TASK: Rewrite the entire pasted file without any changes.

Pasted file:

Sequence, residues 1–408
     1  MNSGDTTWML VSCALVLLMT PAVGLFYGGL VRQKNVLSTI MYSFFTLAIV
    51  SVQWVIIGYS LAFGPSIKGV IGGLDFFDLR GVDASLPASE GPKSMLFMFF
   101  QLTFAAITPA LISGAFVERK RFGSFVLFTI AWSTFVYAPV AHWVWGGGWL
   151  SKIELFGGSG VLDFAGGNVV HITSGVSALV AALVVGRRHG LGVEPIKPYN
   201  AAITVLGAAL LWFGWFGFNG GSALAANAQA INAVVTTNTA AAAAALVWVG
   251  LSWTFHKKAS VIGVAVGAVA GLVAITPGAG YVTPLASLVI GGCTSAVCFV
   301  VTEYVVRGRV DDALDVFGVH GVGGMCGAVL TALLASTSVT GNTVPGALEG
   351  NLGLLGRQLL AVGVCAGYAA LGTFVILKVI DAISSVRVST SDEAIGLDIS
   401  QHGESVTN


Sequence, residues 1–408
     1  MNSGDTTWML VSCALVLLMT PAVGLFYGGL VRQKNVLSTI MYSFFTLAIV
    51  SVQWVIIGYS LAFGPSIKGV IGGLDFFDLR GVDASLPASE GPKSMLFMFF
   101  QLTFAAITPA LISGAFVERK RFGSFVLFTI AWSTFVYAPV AHWVWGGGWL
   151  SKIELFGGSG VLDFAGGNVV HITSGVSALV AALVVGRRHG LGVEPIKPYN
   201  AAITVLGAAL LWFGWFGFNG GSALAANAQA INAVVTTNTA AAAAALVWVG
   251  LSWTFHKKAS VIGVAVGAVA GLVAITPGAG YVTPLASLVI GGCTSAVCFV
   301  VTEYVVRGRV DDALDVFGVH GVGGMCGAVL TALLASTSVT GNTVPGALEG
   351  NLGLLGRQLL AVGVCAGYAA LGTFVILKVI DAISSVRVST SDEAIGLDIS
   401  QHGESVTN